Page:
Kenya is ranked position six in East African region in terms of women representation in parliament according to the latest figures.
Rwanda is leading the pack with 61 percent followed by Tanzania 36, Burundi 36, Uganda 34 and South Sudan at 28.5 percent.
This emerged during the opening ceremony of a three day retreat of the Kenya Women Parliamentary Association (KEWOWPA) in Naivasha.
According to Senate speaker Ken Lusaka, the number of women in parliament was rising gradually and stands at 23.6 percent in both houses.
In a speech read on his behalf by Senator Professor Margaret Kamar, the speaker noted that after the promulgation of the new constitution, the number of women in parliament had risen from 20.6 to over 23 percent.
Kamar while praising KEWOPA for its role noted that women in politics continued to receive various challenges in their line of action.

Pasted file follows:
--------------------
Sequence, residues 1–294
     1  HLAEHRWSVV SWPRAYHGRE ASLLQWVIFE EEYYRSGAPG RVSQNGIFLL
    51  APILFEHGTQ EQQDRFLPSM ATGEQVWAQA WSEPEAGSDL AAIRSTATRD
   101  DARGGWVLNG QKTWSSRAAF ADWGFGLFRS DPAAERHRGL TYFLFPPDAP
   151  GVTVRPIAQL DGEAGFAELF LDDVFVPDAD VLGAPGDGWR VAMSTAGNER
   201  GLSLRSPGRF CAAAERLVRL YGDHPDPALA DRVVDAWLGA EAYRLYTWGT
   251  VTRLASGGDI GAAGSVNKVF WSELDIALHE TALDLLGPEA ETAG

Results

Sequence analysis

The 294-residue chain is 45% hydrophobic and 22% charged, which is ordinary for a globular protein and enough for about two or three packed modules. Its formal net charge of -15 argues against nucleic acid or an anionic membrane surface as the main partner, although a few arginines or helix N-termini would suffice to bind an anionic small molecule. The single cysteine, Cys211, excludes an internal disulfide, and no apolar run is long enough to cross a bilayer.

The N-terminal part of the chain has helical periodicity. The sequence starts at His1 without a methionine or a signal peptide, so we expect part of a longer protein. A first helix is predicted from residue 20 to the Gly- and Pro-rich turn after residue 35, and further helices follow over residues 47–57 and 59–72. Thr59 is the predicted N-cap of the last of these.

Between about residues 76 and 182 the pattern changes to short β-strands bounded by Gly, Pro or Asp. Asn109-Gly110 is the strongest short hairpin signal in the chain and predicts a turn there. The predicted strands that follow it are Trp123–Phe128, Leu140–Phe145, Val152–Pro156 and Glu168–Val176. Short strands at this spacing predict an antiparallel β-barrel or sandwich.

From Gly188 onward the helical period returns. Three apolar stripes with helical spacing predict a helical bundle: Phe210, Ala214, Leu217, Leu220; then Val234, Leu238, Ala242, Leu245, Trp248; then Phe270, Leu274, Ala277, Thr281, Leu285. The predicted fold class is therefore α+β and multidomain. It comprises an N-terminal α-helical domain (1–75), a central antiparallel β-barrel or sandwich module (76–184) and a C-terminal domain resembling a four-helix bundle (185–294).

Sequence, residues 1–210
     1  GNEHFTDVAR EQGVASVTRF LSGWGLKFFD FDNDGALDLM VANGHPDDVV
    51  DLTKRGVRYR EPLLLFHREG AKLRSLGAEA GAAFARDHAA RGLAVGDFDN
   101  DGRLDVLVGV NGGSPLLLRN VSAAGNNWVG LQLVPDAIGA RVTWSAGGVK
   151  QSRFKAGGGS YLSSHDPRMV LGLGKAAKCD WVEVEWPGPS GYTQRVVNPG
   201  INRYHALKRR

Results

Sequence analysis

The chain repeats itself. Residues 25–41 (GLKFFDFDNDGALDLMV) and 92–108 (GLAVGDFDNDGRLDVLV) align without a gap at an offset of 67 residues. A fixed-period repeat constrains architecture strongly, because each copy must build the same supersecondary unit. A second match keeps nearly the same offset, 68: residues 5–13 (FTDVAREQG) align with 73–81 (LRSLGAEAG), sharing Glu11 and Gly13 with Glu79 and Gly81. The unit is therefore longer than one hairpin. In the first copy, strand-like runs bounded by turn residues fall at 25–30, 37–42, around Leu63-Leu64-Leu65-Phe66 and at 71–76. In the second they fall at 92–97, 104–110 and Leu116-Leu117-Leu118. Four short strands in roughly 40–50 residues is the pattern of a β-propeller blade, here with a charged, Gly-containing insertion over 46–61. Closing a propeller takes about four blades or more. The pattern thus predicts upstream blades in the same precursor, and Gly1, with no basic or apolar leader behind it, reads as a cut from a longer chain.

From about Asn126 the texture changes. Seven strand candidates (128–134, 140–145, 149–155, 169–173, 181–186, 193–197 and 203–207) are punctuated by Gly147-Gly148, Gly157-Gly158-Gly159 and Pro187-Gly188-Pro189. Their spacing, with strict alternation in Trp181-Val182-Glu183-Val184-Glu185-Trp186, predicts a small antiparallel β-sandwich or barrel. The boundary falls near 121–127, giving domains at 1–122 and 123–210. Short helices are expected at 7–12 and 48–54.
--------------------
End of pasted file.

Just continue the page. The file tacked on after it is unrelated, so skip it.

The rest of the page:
“In confronting these challenges, you must enlist the support of your male counterparts through persuasive dialogue and articulation of key issue facing women,” she said.
The senator however expressed her concern over the implementation of the two third gender rule terming it as a major challenge.
National Assembly Deputy Speaker Moses Cheboi praised the rising number of women in parliament and the recent election of three women governors.
Cheboi was full of praise for women from pastoral areas who made it to the national assembly while Isiolo, Nakuru and Uasin Gishu elected three women senators.
“Kenya has had very few elected women in parliament for a long period but we are grateful that under the new constitution things have changed for the better,” he said.
The CS for Youth and Gender affairs Sicily Kariuki who graced the occasion termed as long the journey that the country’s women had undergone with violence metered against them.
She challenged the parliamentarians to work with other arms of the government so that the two third gender impasse could be resolved.
“As women we should work as one team so that we can address the challenges facing us and achieve various goals,” she said.
NARC-Kenya chairperson Martha Karua noted that the two third rule could be met if women parliamentarians set aside their differences.
“The country has come from far in terms of increasing the number of women in parliament and we should challenge both Jubilee and NASA leadership to make sure we achieve this,” she said.